The Gross side of running and how to embrace it

Missing toenails,

Blood blisters,

chafed arm pits,

Dehydration,

Runner shits,

All of these things and many more will affect runner types at some point in your life. If, like me, you run long distances (to me that can be anything over 10 miles, make of that what you will) you have probably come across some of these at some time or another, either in a race or training run. If you are a newbie, bad news, you’re gonna experience them, and they’re the dark side of running that no-one outside of the running community ever tells you about unless some high-profile runner experiences them. (No-one will ever let Paula forget the time she relieved herself during the London marathon). However, if you want to stick at it and enjoy views like the ones in the title, you have to just learn to embrace them and work with them. Here are my top ten gross running problems(?) and how I have learned to get over them.

Runner Poops and nervous pees

Problem: Lets start with the one that everyone is most interested in – bathroom issues. Runner trots are a real problem for a lot of runners, both newbies and the most seasoned of runners can experience them, due to nerves or just poor fuelling.

Number ones can be complex – don’t drink enough and you’re gonna do yourself damage, especially when you are doing marathon distances. The temptation to drink less before the run so you dont have to stop in the first 5 miles is there, but as races usually start in  the mornings you end up drinking more anyway. Drink too much, you will find your run incredibly uncomfortable with a full bladder

Solution: Usually these problems can be down to not having your nutrition strategy sorted, and can also be caused by not using the right in-race nutrition. There are a plethora of sites that offer guidance on pre-race loading, and there are a tonne of different gels and powders and bars on the market that you can use. For me, I follow a really basic strategy for training and slightly change it for races.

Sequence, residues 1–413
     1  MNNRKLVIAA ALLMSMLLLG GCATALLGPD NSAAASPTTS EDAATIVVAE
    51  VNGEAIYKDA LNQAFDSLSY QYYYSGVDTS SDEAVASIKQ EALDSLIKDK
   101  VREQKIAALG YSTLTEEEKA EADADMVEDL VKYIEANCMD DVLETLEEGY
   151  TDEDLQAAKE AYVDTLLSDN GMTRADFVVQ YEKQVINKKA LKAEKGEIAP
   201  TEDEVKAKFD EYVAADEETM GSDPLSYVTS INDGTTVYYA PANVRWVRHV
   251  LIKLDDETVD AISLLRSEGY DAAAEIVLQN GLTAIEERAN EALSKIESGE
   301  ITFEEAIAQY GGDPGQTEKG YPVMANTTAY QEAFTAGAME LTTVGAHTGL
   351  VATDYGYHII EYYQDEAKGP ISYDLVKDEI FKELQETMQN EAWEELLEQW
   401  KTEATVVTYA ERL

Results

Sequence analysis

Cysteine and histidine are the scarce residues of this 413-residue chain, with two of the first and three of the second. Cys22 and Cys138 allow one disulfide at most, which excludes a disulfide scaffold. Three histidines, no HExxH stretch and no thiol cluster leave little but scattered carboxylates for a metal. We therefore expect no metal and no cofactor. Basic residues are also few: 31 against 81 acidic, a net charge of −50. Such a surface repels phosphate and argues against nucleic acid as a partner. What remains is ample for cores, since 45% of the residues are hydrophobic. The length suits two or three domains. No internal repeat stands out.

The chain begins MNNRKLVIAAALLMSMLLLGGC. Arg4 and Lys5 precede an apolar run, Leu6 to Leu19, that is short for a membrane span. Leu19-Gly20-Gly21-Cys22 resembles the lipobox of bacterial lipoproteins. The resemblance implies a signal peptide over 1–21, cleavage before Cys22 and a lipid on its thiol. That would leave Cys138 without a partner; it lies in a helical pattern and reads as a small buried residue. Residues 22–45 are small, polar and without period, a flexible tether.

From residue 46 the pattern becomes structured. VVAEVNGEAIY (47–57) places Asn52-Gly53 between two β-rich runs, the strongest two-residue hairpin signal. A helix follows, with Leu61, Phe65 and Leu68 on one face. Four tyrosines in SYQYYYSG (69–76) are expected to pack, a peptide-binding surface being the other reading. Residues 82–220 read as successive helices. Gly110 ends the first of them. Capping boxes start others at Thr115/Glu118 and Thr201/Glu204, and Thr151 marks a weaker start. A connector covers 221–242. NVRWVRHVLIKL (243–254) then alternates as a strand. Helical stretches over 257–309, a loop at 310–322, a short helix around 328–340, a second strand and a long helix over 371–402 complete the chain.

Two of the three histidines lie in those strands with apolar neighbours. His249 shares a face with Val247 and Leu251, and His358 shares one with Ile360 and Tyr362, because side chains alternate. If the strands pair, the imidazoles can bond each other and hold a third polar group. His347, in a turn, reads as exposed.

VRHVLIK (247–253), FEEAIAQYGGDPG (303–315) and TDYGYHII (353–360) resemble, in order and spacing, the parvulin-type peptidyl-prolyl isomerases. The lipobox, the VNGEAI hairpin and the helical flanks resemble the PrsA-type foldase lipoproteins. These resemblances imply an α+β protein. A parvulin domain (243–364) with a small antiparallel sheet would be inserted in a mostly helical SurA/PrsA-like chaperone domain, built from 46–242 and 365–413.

Training – I don’t eat anything specific before a training run, and try to take in at least a half litre of water before a run in the hours previous. If I’m running more than 10 miles, I’ll maybe take on more. Mid-run I tend not to use gels under 10 miles, and just stick to water with an electrolyte solution mixed in.

About an hour prior to any run I will drink 2 cups of strong unsweetened coffee, followed by ice-cold water – trust me, it will get anything in your bowels out. 

Racing – Prior to a race I always make sure I have breakfast – toast or porridge are my favorites as they’re easy to eat when you’re half asleep. During my race I wont use any of the free sports drinks or gels being offered unless they are the same brand as what I am running with – this isn’t being snobbish, it’s just race day is not the time to try anything new. I also don’t really take any of the free sweeties on offer from the general public (we do appreciate your support by the way, THANK YOU) until im in the lat 3 miles or so, because otherwise you end up full of jelly like sweets and the result is multi coloured rainbow sick. Not pretty.

I stick to Science in Sport for all my nutrition when running because it’s the only one that agrees with your stomach. Its s really important that before your big race you trial your chosen gels to make sure they don’t have an undesirable reaction with your gut. needing to go in the woods on a training race is ok, but needing a shit on the side of the road knowing the nearest toilet is 3 miles away is going to be the most painful experience you ever go through.

I don’t need to tell you this, but the night before a race dont eat a curry, dont drink to excess, and dont over eat otherwise you’ll just have a bad time.

Dehydration sickness

Problem: This is a common problem on longer distances and affects newbies and seasoned runners. Dehydration during long runs and hard workouts leads to a lot of the excruciating stomach problems runners experience both during, and immediately following runs, and this can cause serious complications if you don’t have a good idea of how to hydrate when racing. In short, not hydrating properly can result in oxygen not being pumped into your blood around your body effectively, and not hydrating with the right liquid can cause even bigger problems.